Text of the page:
The line for check-in was so long.  It was already nighttime, and Khari was impatient.  “You will learn patience during this trip, one way or another,” I hissed. “So suck it up!”

I, too, have been learning patience and I am sucking it up on a daily basis.  Sometimes, I suck it up to the point of choking and other times it goes down easy like hot chocolate on a crisp night.  That day, we were all gagging.  To feel the sadness we had pushed down, the excitement that was bubbling over and the exhaustion that consumed us would have been too overwhelming.

Addae was already sucking it up.  He’d caught a cold and he’d been sneezing and moaning all day.  His grandfather took him aside to give him the lecture about rising to the occasion, getting through customs and I don’t know what else, but when Addae emerged from the room he was taller and noticeably less sick.  We took his temperature, no “flu” yet. Assuming they let this circus and the luggage on the plane, we were flying that night.

People kept asking what I thought about the move.  Frankly, I couldn’t think past Heathrow airport Immigration.  India couldn’t be harder to navigate than this lot.  I hoped we didn’t have “Swine Flu” and I hoped they didn’t confiscate my food or my Tommy Hilfiger lotion. It was the only thing standing between me, deodorant that doesn’t work, and my sanity.

The airline attendant made friends with Taj and pledged to help us.  If you don’t have a first class ticket, a cute 4-year-old with a leather cowboy hat may be your only way past the luggage scales.  He was irresistible, smiling, giggling and being as charming as ever.  He must have overheard the “Rise to the Occasion” lecture or just sensed how much we needed him on our side.

We were late to check in since I couldn’t do it online with the kids.  The sweet attendant ended up helping us get better seats and treating me like a friend. We had no excess weight, perfect seats and hot towels for all.  India was pretty great so far.

The attendant told me that God would help me; I could see that she was right.  She said that when I am in India, in the temples, churches and mosques, I would feel God’s beauty and his blessings.

She doesn’t know my secret, few people do.  She doesn’t know that I am fleeing to India in desperate need of salvation.  She doesn’t know that my life depends on it.  She doesn’t know that I am out of answers in my country, and I am running to her country to find some.  I am hoping that deep in the crevices of the thousands of years of history, there is some sage wisdom that I can hold onto. In one of the many languages, religions, and practices, there will be something to give me peace, something that will restore me and make me new.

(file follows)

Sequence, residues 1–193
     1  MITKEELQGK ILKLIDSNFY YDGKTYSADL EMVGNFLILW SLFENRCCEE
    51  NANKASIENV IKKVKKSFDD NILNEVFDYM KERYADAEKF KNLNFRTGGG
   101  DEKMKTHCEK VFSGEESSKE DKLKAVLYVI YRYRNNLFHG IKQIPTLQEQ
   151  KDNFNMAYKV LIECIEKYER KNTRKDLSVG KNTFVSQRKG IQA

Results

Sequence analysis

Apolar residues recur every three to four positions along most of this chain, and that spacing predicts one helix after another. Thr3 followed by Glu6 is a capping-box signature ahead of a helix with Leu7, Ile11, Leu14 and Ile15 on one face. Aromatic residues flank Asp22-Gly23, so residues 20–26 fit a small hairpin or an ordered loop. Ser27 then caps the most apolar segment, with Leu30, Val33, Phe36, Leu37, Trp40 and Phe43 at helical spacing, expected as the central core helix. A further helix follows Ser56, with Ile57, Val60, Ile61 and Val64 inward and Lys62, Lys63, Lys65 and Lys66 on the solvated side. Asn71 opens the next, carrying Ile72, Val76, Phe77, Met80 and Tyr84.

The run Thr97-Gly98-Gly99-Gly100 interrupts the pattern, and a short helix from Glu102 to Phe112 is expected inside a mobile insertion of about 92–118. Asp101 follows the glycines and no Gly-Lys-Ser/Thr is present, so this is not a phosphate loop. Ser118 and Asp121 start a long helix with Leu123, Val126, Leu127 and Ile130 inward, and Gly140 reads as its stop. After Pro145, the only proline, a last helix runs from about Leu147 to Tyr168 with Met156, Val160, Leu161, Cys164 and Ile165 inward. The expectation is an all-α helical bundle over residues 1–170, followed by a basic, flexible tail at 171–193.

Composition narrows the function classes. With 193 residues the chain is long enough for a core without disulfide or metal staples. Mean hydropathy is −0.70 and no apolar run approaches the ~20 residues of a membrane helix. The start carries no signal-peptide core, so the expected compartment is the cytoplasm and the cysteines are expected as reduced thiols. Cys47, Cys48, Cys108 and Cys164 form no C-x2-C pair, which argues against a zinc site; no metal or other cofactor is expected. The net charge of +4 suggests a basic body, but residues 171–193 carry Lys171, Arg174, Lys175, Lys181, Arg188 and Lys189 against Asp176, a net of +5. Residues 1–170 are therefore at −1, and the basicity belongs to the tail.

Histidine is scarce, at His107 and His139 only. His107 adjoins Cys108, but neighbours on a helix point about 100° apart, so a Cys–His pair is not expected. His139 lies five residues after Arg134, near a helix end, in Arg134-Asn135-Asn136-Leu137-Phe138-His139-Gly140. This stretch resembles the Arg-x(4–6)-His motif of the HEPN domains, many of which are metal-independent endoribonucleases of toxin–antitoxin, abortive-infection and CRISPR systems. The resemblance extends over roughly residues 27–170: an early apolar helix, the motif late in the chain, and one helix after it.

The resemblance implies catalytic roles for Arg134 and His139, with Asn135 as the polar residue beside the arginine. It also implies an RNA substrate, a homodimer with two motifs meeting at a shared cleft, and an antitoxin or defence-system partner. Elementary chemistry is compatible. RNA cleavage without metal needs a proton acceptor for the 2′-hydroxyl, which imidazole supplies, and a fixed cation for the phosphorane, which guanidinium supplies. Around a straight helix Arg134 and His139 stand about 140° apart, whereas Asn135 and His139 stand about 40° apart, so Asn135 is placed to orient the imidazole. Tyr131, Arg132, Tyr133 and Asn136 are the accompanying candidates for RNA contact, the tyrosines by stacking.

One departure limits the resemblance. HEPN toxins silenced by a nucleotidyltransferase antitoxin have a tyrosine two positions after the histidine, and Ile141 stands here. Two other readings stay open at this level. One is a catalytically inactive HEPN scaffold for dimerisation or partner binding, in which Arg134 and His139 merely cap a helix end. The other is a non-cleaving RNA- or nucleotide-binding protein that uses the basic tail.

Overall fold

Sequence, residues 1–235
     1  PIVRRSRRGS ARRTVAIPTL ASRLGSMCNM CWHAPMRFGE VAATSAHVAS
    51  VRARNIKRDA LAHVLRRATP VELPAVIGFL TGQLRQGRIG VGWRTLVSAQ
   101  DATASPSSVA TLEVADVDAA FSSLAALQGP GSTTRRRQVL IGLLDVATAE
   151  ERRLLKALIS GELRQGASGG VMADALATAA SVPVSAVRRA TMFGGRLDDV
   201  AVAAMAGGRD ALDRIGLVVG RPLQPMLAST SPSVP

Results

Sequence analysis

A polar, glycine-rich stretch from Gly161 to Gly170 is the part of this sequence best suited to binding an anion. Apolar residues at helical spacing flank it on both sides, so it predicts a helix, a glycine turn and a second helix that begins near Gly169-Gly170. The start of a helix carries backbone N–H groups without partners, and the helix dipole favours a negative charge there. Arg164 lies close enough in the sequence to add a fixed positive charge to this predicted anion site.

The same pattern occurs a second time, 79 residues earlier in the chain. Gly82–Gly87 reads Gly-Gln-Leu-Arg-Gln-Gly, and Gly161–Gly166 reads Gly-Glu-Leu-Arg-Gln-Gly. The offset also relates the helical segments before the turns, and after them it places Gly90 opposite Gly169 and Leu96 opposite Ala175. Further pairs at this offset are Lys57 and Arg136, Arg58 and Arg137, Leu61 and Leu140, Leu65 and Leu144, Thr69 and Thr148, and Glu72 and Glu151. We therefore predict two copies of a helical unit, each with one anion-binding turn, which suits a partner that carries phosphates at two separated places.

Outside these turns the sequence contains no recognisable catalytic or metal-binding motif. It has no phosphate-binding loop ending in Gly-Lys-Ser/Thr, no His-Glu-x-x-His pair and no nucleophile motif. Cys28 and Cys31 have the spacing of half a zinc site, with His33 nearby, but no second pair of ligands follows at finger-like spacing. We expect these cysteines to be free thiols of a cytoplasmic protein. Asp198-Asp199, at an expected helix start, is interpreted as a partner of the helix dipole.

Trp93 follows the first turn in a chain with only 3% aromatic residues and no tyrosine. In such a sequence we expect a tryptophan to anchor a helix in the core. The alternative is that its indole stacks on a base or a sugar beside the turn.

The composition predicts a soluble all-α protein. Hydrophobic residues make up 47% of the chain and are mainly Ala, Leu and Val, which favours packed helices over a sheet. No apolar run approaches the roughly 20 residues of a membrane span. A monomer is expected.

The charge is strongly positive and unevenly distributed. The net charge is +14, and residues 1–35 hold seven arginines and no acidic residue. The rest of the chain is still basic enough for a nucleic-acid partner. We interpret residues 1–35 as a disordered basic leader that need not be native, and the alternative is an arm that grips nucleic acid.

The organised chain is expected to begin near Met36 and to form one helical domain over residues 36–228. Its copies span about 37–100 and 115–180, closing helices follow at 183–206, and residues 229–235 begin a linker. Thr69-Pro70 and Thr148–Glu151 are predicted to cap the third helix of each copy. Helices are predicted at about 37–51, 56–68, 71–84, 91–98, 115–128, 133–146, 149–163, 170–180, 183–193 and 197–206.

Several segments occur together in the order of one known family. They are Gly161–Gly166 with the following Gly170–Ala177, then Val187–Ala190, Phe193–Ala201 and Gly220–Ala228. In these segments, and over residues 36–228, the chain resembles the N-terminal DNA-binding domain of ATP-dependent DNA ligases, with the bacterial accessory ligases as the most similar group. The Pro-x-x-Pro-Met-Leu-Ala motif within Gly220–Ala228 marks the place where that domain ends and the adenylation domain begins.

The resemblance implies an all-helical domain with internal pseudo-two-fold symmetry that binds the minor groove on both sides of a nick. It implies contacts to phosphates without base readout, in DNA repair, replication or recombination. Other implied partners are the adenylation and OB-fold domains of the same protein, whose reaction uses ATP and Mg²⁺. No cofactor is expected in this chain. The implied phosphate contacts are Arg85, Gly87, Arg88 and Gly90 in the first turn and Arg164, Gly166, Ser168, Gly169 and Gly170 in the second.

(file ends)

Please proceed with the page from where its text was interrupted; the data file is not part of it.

Copyright – Nandi Bowe 2012                 Special thanks to Robin Melhuish and Donna McNeely Burke

33 Responses to “Leaving London #4”

  1. Rachel Smith says:

    I loved this story of your journey and look forward to reading more.

  2. harjyot says:

    Amazing,Nandi you really write so well!

  3. Nandi, I am loving your story. I so admire you getting yourself to India with the three kids on your own. It is amazing what you can do when there is no other choice. I remember running to get the plane from Boston to NYC. Then running almost missing it. My partner who I traveled with was so slow and it drove me crazy, I always plan for lots of extra time. Then on to Cairo, at least I saw a pyramid, we were supposed to stop in Athens but it was foggy. I think we stopped in Dubai and one more place I’d ever heard of. by the time we got to Bombay, we had to wait and wait and our luggage hadn’t made it. But it was dawn and finally we caught a taxi from among the hundreds that were shouting at us to choose them. We drove along and saw the blankets get up from the sidewalk and walk toward fires. Finally at the Taj Majal we stopped for breakfast. I went to the restroom and on the way the huge orange sun was rising right over the Queen Vicotoria gate. It was so dramatic and overwhelmed me. All I had to do was take care of me. How you did it with all the confusion and responsibility amazes me. And too in 6 weeks I did discover just what I needed to do with my life. Thanks again.

  4. nand2688 says:

    Sugar, Thank you so much for reading and remembering one of your many adventures and sharing it. I still have one earing of the pair you gave me years ago and you remain in my heart.

  5. pamela payton says:

    fabulous journey

  6. Gavin Lawrence says:

    Nandi, I really appreciate your words and your ability to find humor amongst the chaos. You are forcing me to realize that I need a vessel from which I can speak to my personal chaos. I only wish I could find the appropriate and graceful way to do it like you do. I don’t want to sound like I’m trying to air my dirty laundry. Blessings to you and your family.

  7. nand2688 says:

    Thank you so much Gavin for reading and writing your comments. When I am feeling bitter, I don’t write. My writing has to lift me up and make me laugh or cry. It is a tricky balance to live the chaos and have perspective. I keep a journal and have been writing some of these stories for years. The ones that are too real and too buried, I keep for myself. Wishing you so much continued joy as you navigate your waters.

  8. ginger Blymyer says: